Students turn over a new leaf with salad challenge
Food and Consumer Management students were tasked with creating the perfect salad for Costa Coffee shops.
Following a brief set by representatives of salad processing company Kanes Foods, the second-year students undertook research by visiting coffee shops and observing the behaviour of customers, including how they select salads. They looked for trends and popular products, as well as visiting websites and analysing market research reports.
“Whilst observing customers and their habits we noticed that, more often than not, they were buying salads and taking them away to eat on the go, or in a car or at a desk, so packaging and ease of eating were important things to consider,” said Sophie, one of the Food and Consumer Management students.
“We also saw that certain salads were more popular than others, such as chicken-based and Asian cuisine such as Thai or Vietnamese flavourings.”
The students worked to a list of strict, industry-level criteria, including:
- Health (portion size, allergen-free, low salt/sugar levels)
- Personalisation (extras such as added toppings or dressings)
- Trends (researching flavour profiles, ingredients and aesthetics)
- Ethical/Provenance (using organic and Fair Trade products, but remaining cost-effective)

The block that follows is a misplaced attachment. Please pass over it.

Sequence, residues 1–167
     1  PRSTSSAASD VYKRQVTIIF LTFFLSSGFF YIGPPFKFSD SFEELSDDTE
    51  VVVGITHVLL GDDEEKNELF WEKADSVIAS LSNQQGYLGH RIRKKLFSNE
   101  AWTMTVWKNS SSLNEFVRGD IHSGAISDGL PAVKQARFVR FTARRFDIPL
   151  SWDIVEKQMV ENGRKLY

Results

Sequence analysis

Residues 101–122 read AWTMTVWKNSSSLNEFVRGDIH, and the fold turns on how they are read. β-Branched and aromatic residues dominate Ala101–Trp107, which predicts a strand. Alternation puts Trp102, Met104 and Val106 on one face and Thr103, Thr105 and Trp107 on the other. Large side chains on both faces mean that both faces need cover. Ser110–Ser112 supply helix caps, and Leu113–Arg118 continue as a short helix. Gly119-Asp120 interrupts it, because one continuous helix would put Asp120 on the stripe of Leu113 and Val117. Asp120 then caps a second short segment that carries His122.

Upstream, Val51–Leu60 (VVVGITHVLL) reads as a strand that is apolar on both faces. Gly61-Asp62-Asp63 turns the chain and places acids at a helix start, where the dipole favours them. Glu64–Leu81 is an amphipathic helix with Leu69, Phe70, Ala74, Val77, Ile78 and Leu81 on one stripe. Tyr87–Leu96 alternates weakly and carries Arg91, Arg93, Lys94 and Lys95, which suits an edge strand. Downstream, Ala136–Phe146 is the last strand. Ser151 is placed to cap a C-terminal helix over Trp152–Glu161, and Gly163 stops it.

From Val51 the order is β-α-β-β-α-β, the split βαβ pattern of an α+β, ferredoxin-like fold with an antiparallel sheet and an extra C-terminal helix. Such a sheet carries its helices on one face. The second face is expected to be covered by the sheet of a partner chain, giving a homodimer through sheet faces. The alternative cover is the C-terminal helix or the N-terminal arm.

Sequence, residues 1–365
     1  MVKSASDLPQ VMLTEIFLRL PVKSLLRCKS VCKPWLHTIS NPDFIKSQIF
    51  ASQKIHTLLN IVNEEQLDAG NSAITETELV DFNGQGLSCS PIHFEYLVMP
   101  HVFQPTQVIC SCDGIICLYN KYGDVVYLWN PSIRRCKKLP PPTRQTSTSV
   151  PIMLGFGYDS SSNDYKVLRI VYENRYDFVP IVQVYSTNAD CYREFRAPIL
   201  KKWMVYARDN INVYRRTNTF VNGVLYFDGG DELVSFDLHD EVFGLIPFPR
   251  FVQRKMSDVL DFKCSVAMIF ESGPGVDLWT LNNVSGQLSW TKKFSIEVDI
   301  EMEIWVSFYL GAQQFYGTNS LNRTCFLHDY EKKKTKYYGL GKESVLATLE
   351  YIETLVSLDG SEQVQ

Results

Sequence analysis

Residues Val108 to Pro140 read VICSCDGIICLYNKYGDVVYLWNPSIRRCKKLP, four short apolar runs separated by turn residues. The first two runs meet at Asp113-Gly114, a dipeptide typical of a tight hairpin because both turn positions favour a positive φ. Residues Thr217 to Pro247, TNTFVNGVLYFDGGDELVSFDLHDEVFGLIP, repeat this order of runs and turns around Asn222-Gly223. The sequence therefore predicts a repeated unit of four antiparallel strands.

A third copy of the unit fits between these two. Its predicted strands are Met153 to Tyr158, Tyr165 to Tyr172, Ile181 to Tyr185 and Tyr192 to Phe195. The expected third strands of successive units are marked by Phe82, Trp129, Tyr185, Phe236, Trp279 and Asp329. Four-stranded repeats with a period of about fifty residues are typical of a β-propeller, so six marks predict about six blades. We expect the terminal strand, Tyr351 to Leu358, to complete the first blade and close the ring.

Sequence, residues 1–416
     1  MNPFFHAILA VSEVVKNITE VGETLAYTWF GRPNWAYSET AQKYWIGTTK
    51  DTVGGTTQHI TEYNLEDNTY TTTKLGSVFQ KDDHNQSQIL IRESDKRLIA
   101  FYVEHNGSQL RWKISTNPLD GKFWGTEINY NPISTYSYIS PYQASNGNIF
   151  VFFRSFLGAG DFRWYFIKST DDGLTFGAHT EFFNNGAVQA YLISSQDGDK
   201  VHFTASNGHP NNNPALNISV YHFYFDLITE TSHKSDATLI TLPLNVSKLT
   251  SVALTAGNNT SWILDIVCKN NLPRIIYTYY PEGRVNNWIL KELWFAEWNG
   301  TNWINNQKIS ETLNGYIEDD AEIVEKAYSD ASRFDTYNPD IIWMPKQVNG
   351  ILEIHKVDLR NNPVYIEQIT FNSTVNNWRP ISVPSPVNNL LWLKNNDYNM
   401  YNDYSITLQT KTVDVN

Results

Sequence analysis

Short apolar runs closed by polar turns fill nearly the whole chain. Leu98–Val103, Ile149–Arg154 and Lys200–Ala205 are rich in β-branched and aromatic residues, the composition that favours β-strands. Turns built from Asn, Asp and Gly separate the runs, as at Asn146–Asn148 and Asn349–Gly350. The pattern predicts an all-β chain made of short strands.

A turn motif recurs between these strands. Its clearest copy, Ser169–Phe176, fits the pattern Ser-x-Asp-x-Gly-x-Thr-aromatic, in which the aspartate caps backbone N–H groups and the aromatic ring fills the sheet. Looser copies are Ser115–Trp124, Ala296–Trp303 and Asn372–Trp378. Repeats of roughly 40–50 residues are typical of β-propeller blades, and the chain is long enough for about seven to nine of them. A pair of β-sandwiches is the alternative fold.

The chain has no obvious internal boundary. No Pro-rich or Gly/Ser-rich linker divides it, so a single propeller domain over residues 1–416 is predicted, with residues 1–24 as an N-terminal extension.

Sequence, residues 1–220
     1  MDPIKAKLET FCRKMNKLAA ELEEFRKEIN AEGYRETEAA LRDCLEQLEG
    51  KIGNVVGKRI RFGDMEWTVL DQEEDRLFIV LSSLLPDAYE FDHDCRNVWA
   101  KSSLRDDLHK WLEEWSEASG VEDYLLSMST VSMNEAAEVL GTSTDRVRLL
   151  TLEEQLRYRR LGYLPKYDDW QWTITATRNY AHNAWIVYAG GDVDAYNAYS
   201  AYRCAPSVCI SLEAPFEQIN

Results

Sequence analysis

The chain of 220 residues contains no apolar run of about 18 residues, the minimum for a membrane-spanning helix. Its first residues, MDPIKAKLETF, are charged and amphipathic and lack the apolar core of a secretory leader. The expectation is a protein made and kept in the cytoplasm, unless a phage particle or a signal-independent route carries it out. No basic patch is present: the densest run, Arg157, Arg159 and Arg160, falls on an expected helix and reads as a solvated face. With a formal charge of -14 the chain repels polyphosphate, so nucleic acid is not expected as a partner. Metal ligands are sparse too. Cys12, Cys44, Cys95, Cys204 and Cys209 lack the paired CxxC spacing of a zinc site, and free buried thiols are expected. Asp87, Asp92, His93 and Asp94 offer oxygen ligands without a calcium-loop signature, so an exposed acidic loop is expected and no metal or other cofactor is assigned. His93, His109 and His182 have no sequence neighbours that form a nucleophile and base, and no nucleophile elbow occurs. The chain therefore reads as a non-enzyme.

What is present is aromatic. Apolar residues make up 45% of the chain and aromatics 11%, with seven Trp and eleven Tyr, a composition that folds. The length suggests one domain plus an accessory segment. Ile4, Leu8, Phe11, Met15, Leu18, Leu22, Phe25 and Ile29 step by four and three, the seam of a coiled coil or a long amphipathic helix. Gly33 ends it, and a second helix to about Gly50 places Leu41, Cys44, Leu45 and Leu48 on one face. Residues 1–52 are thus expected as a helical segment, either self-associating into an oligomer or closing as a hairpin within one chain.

- Packaging (investigating types of trays, lids, materials and cutlery)
- Marketing (researching the competition, the customers, and how much people are willing to spend)
After designing their product, the students completed a detailed Product Submission Form for the approval of the two Kanes Foods representatives, who both happened to be UCB alumni.
Emi Lambert, Marketing Executive at Kanes Foods, said: “It’s really beneficial for the students to get involved in projects like this as they can experience professional processes and really get a flavour for what it’s like to work in the product development industry.”
“Students presented us with some fantastic ideas,” said colleague Clare Selvey, who manages Kanes account with Sainsbury’s. “They really considered all aspects of the brief we gave them whilst thinking about packaging and cost and retail prices.”
Mandy Lloyd, product development lecturer, was delighted with the students’ work: “They embraced the brief and created some really innovative and tasty ideas, and also considered the viability of producing them on a large scale. The feedback from Kanes was invaluable in assessing their concepts.”
Kanes Foods is one of the largest salad processors in the UK. Located in Evesham, Worcestershire, it opened its new environmentally-sustainable salad factory two years ago and is constantly looking for new ways to evolve products.